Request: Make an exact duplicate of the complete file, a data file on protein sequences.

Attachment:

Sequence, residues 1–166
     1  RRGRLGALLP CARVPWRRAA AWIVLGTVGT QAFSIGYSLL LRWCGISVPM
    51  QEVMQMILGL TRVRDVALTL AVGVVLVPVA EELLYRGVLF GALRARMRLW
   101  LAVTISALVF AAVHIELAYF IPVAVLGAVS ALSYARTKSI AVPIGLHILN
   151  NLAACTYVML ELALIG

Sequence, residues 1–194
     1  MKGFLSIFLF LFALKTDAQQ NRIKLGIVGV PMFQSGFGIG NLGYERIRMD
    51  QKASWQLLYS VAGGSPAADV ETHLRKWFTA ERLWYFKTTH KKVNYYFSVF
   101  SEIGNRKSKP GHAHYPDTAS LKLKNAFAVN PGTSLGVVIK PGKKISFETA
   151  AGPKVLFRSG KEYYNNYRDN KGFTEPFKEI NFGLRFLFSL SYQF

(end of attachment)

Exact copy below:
Sequence, residues 1–166
     1  RRGRLGALLP CARVPWRRAA AWIVLGTVGT QAFSIGYSLL LRWCGISVPM
    51  QEVMQMILGL TRVRDVALTL AVGVVLVPVA EELLYRGVLF GALRARMRLW
   101  LAVTISALVF AAVHIELAYF IPVAVLGAVS ALSYARTKSI AVPIGLHILN
   151  NLAACTYVML ELALIG

Sequence, residues 1–194
     1  MKGFLSIFLF LFALKTDAQQ NRIKLGIVGV PMFQSGFGIG NLGYERIRMD
    51  QKASWQLLYS VAGGSPAADV ETHLRKWFTA ERLWYFKTTH KKVNYYFSVF
   101  SEIGNRKSKP GHAHYPDTAS LKLKNAFAVN PGTSLGVVIK PGKKISFETA
   151  AGPKVLFRSG KEYYNNYRDN KGFTEPFKEI NFGLRFLFSL SYQF